RUSH, N.Y. (WROC) — The Seneca nation raised their voice on Indigenous Peoples’ Day to bring attention to a proposed solar farm that they say would be built on sacred burial grounds.
“When people come here we are brought here home and we want as long as we have to in this world that we are put back into the ground and were put back and sent back to the creator. We’re not supposed to disturb ancestors that came before us,” said Mary Jacobs of the Seneca Nation.
The rally stems after plans were announced two years ago about a Chicago based company wanting to build a 180-megawatt installation on nearly four-thousand acres in Caledonia and Rush. It is called the Horseshoe Solar Project. Protestors say in the proposed area, there are about 12 sacred burial sites.
“There’s a lot of different sites to develop within New York state. I am sure. I see there at this time, there’s another site down there now, and if they could find an additional spot that might be better for them,” said Jacobs.
The Nation walked for miles on Route 5/20 to the Canawaugus sign in Caledonia where they continued to their rally and raised their voice. Leaders like Paul Winnie, of the Tonawanda Seneca Nation said that he’s not opposed to the idea of going green, but insists the project should be built elsewhere.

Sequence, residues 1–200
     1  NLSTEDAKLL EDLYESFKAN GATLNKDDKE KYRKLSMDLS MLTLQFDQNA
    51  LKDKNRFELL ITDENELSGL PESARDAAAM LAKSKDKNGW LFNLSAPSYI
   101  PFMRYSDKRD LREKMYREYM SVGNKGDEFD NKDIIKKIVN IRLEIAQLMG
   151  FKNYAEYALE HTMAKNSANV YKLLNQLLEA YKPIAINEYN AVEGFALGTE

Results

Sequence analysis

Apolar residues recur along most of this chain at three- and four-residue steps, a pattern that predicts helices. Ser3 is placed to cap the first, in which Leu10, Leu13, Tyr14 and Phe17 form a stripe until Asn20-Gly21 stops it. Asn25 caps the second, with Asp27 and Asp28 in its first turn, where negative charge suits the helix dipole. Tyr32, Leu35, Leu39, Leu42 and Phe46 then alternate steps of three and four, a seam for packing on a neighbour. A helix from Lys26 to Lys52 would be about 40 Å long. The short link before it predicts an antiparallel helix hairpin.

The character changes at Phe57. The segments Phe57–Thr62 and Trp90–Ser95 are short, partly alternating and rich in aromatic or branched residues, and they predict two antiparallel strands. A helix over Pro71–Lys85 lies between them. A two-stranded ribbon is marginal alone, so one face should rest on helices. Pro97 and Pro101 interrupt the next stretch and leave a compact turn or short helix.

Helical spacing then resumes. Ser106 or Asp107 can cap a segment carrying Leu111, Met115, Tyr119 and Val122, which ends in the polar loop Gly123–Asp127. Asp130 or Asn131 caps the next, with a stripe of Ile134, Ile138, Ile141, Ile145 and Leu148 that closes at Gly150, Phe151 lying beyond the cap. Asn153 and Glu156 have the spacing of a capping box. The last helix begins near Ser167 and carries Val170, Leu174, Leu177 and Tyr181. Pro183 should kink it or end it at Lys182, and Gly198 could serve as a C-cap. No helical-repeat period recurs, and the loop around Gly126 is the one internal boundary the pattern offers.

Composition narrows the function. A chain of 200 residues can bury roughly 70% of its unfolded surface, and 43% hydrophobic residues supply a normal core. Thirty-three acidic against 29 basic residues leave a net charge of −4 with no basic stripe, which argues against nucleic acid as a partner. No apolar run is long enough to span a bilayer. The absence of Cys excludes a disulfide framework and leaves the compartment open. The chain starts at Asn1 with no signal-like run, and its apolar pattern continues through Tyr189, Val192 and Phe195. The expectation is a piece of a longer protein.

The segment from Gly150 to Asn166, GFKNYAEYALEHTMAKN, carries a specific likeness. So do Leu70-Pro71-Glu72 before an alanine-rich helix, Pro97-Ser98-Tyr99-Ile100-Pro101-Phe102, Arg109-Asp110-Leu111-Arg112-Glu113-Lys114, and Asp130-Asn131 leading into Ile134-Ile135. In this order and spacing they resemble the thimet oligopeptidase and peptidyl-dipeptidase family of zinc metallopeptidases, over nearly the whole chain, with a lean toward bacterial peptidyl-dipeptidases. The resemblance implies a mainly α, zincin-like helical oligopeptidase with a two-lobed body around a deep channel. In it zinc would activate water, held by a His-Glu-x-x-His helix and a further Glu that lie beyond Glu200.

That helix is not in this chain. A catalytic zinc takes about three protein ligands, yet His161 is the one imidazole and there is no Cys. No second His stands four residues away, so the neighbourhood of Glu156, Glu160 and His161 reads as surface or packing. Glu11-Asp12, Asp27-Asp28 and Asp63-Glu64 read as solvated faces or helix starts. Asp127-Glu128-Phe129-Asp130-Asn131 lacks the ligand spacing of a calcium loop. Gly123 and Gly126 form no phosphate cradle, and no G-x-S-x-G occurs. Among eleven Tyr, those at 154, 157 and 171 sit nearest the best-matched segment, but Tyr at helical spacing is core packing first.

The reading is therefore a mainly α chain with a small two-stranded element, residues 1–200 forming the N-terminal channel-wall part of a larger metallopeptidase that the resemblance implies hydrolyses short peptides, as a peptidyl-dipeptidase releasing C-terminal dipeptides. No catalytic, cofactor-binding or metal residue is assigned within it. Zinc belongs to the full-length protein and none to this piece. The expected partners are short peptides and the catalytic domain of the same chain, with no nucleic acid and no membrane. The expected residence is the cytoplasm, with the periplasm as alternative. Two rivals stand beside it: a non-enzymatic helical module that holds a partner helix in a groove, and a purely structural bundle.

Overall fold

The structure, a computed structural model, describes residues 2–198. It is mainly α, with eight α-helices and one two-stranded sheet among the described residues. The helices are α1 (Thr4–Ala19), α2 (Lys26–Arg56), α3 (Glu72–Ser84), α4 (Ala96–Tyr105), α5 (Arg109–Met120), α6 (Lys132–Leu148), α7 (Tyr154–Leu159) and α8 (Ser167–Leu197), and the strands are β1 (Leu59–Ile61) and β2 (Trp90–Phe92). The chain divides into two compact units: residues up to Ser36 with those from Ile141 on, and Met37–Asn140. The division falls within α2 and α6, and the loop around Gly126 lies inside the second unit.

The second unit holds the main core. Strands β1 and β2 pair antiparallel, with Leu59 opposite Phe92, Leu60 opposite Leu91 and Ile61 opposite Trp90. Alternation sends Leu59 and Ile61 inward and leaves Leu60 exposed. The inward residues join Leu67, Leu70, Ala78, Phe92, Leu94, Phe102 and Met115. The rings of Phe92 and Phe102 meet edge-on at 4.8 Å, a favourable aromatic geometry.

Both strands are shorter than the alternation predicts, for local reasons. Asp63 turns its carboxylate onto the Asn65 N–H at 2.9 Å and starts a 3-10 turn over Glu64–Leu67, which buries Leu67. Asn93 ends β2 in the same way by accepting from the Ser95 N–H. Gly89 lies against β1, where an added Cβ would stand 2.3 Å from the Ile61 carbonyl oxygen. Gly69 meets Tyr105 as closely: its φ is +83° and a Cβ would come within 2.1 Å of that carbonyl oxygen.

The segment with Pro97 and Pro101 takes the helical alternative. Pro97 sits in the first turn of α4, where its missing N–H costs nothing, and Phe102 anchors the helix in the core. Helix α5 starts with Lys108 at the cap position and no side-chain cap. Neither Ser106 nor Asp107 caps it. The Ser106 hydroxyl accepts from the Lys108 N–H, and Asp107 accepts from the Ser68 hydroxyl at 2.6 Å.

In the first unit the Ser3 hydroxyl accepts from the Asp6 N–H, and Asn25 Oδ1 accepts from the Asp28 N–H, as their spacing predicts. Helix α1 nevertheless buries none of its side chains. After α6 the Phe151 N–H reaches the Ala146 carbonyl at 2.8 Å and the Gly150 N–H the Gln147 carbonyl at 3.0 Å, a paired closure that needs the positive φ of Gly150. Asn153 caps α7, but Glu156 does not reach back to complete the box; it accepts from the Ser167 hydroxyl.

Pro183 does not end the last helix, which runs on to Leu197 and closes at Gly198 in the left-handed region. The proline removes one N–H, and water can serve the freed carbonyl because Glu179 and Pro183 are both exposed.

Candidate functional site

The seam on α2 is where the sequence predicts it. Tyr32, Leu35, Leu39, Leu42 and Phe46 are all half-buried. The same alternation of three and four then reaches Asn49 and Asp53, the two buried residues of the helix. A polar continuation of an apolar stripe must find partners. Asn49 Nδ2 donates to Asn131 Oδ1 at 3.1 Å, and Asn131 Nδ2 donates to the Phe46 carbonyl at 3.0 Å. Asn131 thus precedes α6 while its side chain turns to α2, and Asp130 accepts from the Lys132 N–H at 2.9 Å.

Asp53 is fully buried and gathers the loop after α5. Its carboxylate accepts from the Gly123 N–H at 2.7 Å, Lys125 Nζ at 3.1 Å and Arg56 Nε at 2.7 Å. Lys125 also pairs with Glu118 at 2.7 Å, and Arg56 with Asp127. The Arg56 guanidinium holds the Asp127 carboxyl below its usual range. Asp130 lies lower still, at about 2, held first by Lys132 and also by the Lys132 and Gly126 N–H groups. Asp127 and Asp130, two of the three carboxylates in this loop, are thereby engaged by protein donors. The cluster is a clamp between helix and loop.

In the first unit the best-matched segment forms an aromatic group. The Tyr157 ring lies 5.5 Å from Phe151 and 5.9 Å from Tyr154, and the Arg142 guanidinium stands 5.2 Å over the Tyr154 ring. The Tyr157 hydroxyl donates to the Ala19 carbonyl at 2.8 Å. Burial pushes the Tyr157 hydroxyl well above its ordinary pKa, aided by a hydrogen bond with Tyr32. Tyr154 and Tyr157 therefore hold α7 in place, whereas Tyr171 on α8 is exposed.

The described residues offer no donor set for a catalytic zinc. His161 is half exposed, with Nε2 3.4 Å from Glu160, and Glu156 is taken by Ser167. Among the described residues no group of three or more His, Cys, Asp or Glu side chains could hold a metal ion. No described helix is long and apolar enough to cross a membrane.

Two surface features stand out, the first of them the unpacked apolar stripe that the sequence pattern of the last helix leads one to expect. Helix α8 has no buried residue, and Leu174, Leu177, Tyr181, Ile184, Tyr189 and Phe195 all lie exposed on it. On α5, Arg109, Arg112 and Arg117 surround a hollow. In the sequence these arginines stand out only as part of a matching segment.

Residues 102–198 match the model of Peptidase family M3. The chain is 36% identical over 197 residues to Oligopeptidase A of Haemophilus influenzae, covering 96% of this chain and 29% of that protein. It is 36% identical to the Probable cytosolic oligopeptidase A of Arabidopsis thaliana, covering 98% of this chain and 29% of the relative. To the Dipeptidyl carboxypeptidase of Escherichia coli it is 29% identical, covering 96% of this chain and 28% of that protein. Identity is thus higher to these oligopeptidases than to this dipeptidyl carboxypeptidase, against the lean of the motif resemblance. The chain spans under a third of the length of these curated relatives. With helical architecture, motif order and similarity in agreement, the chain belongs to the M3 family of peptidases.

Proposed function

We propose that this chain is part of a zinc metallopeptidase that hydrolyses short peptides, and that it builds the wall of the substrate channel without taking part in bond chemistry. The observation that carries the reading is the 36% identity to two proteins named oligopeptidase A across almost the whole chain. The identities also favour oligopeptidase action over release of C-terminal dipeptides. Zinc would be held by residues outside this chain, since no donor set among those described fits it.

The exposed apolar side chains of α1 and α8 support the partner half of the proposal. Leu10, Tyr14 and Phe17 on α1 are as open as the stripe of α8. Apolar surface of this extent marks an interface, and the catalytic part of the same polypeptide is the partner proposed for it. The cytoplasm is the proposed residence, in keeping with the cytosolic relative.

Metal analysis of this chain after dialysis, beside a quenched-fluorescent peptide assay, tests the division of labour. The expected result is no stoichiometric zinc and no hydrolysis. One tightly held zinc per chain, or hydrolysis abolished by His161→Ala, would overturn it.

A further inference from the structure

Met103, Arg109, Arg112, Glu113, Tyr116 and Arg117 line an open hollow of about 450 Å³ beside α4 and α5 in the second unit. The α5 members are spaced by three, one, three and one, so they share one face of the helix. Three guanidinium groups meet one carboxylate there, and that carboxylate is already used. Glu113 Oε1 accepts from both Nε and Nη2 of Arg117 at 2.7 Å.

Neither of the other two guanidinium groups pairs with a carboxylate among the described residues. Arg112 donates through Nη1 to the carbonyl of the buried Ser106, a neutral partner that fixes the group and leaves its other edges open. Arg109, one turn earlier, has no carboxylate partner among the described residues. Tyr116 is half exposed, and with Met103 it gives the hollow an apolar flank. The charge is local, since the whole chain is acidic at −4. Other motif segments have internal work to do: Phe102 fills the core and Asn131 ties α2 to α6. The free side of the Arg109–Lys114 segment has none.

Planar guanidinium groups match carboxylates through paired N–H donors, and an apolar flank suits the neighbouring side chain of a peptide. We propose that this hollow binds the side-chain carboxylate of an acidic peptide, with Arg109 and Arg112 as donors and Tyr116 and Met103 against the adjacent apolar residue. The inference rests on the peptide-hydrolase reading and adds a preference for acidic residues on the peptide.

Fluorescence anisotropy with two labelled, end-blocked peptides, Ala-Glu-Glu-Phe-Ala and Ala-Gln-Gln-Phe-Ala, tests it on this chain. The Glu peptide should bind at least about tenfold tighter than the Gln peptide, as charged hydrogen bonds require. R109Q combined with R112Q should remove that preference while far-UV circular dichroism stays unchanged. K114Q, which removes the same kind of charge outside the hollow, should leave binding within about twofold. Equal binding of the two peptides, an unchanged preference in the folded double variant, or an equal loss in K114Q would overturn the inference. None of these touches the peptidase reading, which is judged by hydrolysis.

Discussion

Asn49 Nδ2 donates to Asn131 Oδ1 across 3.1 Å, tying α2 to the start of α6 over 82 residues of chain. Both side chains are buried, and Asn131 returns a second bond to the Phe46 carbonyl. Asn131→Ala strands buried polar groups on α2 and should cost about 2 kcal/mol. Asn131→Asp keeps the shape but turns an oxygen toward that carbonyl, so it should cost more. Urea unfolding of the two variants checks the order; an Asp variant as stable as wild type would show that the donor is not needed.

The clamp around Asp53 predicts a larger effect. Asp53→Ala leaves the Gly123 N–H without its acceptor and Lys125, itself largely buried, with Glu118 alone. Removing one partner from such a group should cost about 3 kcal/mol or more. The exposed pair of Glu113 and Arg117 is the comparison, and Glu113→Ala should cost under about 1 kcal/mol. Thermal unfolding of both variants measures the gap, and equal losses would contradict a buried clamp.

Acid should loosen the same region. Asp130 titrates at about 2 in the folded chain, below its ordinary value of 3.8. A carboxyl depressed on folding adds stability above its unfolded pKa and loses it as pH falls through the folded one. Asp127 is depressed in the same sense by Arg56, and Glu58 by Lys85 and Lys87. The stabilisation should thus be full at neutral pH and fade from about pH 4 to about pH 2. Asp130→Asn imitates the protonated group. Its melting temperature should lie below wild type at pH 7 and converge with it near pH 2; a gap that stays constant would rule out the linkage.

“To be put in the ground forever. To be there forever. Not to be dug up and moved. That’s what we’re here for. Just like any non-native situation, I don’t think anyone wants their relatives dug up in the same manner or transferred,” said Winnie.
Below is a statement from Kate Millar, project developer of Horseshoe Solar, regarding the event.
Just as any project development process in New York requires significant planning and public involvement, Horseshoe Solar has an extensive public engagement process and we are committed to listening to the community. We are not proposing to build on burials and we are and have been actively consulting with the Nations throughout the permitting process to ensure that the fields hosting the project are carefully evaluated, surveyed, and researched, including a pedestrian survey of site areas in Rush and Caledonia. Solar power is one of the safest and cleanest sources of energy, and we look forward to continuing to receive feedback and to finding effective ways to bring homegrown, affordable power and economic investment to the region with interests of the Haudenosaunee and local communities in mind.